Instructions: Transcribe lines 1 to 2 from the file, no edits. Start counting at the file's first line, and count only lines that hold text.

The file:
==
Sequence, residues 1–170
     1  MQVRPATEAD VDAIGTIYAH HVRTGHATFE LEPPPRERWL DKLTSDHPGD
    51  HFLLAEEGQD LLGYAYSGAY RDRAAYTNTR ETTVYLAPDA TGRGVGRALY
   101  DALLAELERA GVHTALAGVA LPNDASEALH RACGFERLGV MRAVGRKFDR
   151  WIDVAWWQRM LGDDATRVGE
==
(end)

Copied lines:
Sequence, residues 1–170
     1  MQVRPATEAD VDAIGTIYAH HVRTGHATFE LEPPPRERWL DKLTSDHPGD